Victor Ugochukwu · Dec 14, 2020 . 5min read
Digital Yuan poses threat to Macau’s Gambling Industry
Casino executives in Macau’s gambling market fear that their industry is in danger if China’s digital yuan is implemented in the country.
By Komal Joshi · Dec 4, 2020 . 6min read
Gambling companies in Macau are leaving the industry. According to Bloomberg, some operators have already started shifting their operations away from the gambling hub. Some are refraining from Macau after the regulators discussed the possibility of combining their casino operations with the digital Yuan. Gamblers in Macau feel that the gambling industry is in threat if China’s Digital Yuan comes into existence.
Macau’s Gambling Industry finds it challenging to earn a substantial revenue.
The industry’s revenues are getting affected owing to the more stringent regulations and the COVID-19 pandemic. Moreover, the city of Macau has undergone a reduction in revenue by $27 billion this year. It is owing to the COVID travel barriers that kept profitable Chinese gamblers off. Gambling executives see China’s plan to launch the digital Yuan, as a possibly more significant threat to the casino industry in Macau. It is the largest gambling hub in the world.
This occurs after Macau gaming regulator, the Gaming Inspection and Coordination Bureau, proposed several casino operators to consider the likelihood of replacing Hong Kong dollars with the usage of digital Yuan in buying gambling chips. Moreover, the proposal has expressed shock waves amongst the operators in Macau. Hong Kong dollars’ relative anonymity has been performing a significant role in the operation of Macau’s gambling industry.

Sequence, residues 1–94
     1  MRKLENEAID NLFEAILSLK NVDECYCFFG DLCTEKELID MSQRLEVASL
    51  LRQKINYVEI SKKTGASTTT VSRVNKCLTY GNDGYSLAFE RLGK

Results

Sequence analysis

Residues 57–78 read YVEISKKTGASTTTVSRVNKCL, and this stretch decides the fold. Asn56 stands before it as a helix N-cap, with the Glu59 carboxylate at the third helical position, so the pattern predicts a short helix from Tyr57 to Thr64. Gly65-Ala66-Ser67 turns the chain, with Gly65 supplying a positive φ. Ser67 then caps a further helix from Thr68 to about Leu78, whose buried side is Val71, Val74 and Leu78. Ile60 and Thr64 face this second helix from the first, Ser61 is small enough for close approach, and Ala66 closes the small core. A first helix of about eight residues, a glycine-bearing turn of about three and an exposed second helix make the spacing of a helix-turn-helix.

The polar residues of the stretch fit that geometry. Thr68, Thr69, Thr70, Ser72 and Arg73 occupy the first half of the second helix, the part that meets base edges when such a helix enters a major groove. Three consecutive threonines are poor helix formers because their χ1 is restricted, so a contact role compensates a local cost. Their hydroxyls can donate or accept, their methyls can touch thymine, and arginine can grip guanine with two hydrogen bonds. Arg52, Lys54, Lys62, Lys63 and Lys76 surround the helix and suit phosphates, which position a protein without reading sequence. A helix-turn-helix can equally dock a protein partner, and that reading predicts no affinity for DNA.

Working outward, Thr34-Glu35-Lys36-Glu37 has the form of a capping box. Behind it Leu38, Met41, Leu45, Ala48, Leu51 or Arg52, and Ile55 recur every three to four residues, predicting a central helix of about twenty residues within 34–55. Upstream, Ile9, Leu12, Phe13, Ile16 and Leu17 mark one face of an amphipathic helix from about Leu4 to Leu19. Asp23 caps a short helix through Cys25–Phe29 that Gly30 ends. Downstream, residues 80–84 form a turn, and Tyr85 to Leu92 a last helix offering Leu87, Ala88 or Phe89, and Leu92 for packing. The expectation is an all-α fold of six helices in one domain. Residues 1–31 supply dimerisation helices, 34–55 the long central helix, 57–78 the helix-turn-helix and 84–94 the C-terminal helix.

Macau is the only legal territory to gamble in China.
Macau and Hong Kong are two special regulatory territories of China. Macau city is the only part of China where gambling is allowed. Gambling is one of the important industries of the city. However, over 58,000 people participate in the gambling and gaming industry, and approximately 98% of them are operating in casinos. Casinos provide revenues of approximately $45 billion. Moreover, 66% of all revenues by casinos come from high rollers. As China is stimulating the digital yuan pilot program in major cities, the initiation of the CBDC would influence Macau’s junket industry.
Nevertheless, digital Yuan’s implementation would indicate that Beijing would have comprehensive clarity and control of financial flows in Macau. Moreover, High-roller Chinese gamblers may shy away from utilizing the Macau casino junket system. The role of junket operators usually includes providing hotel stays, private jets, and other accommodation. Further, it also involves offering support services to high-roller gamblers for gambling in Macau’s casinos. Thus, junket operators are evaluating opportunities to counter threats challenging revenue generations in the casinos.
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